Everywhere we work, we try to reduce environmental harm. Relative to our competitors, we are more sustainable. But sustainability implies that you can keep going indefinitely. Ultimately, we’re taking back from the planet more than we’re giving back. That’s unsustainable.

Because we are a fairly small company operating within a global industrial system, there’s an awful lot of things that we can’t change. But we can take responsibility for what we do. We acknowledge our impacts. Where we can make changes, we make changes. Responsible implies agency, and everybody’s got agency to do what they can.

About 85% of our environmental impact is in fabrics. If we get out of fossil fuels as a feed stock for nylon and polyester—we’re to close doing that—it makes a huge difference. But the ideal is regeneration, working with an ecosystem in such a way that it is capable of replenishing the energy that you take from it. We’re moving toward using not just organic cotton but cotton grown using regenerative organic practices. Regenerative means we’re actually not being extractive; we’re giving back as much as we’re taking by sequestering carbon and returning soil to health. We’ve really just started. That may take 10 years.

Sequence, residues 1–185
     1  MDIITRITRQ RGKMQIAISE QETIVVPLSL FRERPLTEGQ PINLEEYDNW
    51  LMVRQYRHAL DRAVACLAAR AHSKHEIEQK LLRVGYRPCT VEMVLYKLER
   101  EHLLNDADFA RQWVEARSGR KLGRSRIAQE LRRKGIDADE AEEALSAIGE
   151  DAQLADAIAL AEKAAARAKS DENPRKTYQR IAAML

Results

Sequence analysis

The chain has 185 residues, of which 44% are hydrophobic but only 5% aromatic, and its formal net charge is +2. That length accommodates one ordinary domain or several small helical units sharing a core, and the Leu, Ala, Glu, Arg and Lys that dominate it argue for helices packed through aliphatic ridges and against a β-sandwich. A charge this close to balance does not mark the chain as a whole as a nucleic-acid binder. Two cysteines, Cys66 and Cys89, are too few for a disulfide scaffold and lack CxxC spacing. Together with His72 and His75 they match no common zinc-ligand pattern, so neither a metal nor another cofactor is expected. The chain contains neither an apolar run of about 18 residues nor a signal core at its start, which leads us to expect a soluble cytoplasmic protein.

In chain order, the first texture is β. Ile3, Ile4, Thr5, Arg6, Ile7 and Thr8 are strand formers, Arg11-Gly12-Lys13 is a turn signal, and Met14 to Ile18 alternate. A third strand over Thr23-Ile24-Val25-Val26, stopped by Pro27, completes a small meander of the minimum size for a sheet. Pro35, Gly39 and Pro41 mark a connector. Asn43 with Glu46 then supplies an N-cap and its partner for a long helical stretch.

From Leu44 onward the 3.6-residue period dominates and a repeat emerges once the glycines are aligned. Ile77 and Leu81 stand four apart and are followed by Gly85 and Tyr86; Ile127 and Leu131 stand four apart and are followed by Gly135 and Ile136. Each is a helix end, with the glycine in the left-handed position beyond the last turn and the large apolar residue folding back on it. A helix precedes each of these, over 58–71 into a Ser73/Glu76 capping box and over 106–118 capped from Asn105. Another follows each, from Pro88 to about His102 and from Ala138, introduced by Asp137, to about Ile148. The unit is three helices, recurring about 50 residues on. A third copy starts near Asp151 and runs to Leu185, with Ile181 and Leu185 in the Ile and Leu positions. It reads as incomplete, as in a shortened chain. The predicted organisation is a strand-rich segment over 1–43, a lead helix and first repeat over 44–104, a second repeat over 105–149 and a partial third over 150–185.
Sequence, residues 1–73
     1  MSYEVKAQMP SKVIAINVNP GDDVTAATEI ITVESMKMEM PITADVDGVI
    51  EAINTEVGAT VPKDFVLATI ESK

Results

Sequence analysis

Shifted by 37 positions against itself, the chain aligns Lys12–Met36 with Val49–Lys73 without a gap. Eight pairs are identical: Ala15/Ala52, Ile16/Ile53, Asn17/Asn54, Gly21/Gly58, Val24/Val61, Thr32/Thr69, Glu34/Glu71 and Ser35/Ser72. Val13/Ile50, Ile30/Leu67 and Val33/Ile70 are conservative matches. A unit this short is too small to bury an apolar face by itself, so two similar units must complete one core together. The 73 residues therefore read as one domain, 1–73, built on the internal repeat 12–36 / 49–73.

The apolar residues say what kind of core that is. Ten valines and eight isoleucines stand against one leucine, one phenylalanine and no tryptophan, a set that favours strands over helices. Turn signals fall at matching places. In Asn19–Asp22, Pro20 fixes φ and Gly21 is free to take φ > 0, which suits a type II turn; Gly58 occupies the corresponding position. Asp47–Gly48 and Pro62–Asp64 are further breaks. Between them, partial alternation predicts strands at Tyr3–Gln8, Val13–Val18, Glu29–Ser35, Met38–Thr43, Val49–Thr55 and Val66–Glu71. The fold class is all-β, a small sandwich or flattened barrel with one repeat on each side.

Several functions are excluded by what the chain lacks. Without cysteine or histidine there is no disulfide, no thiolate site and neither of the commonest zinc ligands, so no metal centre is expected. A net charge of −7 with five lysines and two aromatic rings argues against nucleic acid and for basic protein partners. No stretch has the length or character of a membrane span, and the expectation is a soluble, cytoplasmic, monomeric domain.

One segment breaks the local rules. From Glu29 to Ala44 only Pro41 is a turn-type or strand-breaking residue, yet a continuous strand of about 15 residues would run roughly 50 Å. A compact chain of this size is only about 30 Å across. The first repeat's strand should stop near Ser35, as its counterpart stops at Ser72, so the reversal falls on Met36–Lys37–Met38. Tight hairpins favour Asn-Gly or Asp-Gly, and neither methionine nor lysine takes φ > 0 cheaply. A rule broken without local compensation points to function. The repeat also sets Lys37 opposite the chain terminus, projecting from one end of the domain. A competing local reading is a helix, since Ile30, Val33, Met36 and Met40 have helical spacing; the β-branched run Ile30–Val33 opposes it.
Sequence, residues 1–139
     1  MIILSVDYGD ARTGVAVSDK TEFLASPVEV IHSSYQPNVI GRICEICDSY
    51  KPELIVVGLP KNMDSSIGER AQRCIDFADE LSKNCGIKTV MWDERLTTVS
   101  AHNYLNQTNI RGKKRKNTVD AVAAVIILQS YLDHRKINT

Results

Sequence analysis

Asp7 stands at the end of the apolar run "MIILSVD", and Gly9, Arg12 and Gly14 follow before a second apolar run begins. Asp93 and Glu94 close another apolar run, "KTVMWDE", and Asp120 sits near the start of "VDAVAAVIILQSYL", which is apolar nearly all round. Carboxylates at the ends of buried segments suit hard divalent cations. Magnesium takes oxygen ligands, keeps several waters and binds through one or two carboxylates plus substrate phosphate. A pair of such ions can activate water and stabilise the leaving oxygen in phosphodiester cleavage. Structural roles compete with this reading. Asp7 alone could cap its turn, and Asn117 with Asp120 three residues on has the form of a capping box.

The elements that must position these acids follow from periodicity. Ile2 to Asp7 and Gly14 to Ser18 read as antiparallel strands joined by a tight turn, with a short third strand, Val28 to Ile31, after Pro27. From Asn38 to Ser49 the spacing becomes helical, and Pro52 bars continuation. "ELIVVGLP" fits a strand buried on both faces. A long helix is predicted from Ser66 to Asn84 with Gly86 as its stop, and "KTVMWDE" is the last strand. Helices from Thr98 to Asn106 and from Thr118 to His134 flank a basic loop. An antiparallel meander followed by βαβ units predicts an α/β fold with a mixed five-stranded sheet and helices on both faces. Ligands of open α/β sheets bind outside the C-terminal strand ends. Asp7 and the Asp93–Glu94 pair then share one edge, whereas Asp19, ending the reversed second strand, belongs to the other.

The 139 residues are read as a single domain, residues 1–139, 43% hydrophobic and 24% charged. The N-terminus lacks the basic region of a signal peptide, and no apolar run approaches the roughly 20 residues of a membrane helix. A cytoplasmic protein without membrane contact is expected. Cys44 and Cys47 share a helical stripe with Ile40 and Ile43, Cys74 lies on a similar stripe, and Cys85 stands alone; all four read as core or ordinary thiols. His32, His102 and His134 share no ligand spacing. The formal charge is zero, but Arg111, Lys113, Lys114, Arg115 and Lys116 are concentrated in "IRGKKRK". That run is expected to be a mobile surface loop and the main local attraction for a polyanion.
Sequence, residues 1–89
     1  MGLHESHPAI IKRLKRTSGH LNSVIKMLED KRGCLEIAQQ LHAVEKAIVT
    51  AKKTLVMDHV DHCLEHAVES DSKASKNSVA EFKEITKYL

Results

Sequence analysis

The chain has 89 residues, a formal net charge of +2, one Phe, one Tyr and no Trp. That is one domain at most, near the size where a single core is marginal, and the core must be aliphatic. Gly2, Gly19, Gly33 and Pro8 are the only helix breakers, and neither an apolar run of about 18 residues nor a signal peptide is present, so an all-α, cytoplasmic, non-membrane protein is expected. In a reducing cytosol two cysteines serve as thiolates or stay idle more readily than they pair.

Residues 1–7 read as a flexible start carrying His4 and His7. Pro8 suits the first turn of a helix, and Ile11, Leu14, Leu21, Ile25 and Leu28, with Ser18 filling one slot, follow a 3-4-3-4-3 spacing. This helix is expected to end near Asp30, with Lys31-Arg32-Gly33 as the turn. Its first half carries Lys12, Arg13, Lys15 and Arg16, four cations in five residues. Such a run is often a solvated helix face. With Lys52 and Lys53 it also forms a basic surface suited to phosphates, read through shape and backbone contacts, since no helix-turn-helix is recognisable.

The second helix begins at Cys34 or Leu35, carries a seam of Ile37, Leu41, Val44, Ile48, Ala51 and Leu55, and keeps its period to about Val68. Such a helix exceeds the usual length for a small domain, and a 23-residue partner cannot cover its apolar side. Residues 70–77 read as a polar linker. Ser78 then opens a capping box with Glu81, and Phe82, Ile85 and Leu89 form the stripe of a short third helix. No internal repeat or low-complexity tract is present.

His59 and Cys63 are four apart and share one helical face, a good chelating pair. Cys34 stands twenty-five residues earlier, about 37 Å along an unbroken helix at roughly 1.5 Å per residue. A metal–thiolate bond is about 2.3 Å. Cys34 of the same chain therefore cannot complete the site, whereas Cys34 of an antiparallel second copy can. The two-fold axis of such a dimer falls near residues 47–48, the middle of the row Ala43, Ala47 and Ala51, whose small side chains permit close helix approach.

Patagonia also has a small food business and we’ve invested in a number of businesses that take a synergistic approach to solving food production problems. It’s in line with the industrial ecology model studied by Marian Chertow at the Yale School of the Environment. Typically, we think of businesses as inherently competitive. There is a tremendous opportunity for businesses to work cooperatively, creating the kinds of things that businesses have always provided while also acting as social enterprises by addressing social and environmental challenges.

Q: Could you give an example?

We have an alliance with Wes Jackson, the founder of the Land Institute in Salina, Kansas. His work for the past 50 years has been to restore the Great Plains to health. It was one of the most fecund areas on the planet. The topsoil was several feet thick and kept healthy by the hooves of buffalo. Now, there’s about six inches of topsoil and monocultures of soy, corn, and wheat grow throughout the Great Plains.

Wes came up with Kernza, a perennial wheatgrass with roots that go three meters down into the earth. When a plant reaches that deep, it breaks up the soil, allowing microbes and fungi the opportunity to create new topsoil much faster. It’s amazing stuff. After he told us about it, we asked where we could buy it. He said, “Oh, you can’t buy it. Farmers won’t grow it until there’s a market for it.”

So, we teamed up with Hopworks, a brewery in Portland, to produce Long Root Pale Ale, which got the first 200 acres planted. Since then, major cereal companies have gotten very interested in Kernza because of the potential to sequester carbon while you build topsoil. Creating a self-sustaining business that sequesters carbon—that, for us, is the North Star.

Q: You mentioned the effort to develop sources of regenerative organic cotton. When did Patagonia switch to organic cotton?